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Luba Werchola, of the staff of Techworx in South Campus Hall, had an experience on the way home from work Friday afternoon that she's happy to share:
The engine lights started lighting up on the dashboard. When I got home I heard noises coming from the engine. Horrible thoughts of mangled animals went through my head when I opened the hood, but I couldn't see anything. As the engine cooled down, a small furry head poked up from the far left of my engine, right over the wheel well.
From the scrabbling noises, we thought there would be more than one in there. They didn't seem to be able to get out on their own, but after two hours and some dismantling, we finally pulled out four baby squirrels. The mother had chewed through sensor wires in the engine, hence the warning lights, but was not in the car with the babies.
The babies were taken to a wildlife rehabilitator (Vickie) who specializes in squirrels. She estimates that these guys are about seven weeks old and definitely not able to survive on their own -- they still needed their mother's milk. They were extremely undersized and very stressed.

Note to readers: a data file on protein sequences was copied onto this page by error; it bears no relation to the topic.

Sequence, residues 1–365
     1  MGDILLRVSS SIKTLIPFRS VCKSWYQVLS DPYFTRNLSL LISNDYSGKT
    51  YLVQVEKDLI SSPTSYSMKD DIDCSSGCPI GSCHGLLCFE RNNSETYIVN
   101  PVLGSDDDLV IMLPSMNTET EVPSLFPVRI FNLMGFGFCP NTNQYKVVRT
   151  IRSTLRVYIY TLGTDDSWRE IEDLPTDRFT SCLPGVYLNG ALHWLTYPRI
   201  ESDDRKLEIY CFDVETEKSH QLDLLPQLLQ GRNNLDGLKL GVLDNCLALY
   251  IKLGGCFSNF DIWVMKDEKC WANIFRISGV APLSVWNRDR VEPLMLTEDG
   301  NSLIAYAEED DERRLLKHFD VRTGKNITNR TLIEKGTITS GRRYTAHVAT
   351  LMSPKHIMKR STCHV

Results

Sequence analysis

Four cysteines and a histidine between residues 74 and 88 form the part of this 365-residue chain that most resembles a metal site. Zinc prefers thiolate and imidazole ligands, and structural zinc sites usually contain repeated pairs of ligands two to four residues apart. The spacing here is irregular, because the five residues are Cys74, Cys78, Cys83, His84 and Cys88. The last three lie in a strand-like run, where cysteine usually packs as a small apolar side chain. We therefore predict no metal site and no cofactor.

Interestingly, Vickie had gotten a phone call from the university earlier about a nest of squirrels in a shed that needed to be moved. She suggested that they open the doors and the mother would relocate them. Well, she did relocate them -- right into my car! Vickie said it would have taken the mother all day to move the babies into my car.
They are doing well now and will be hand raised for the next few weeks before being released again. Happy ending -- for them, anyway, but my car is still being repaired.
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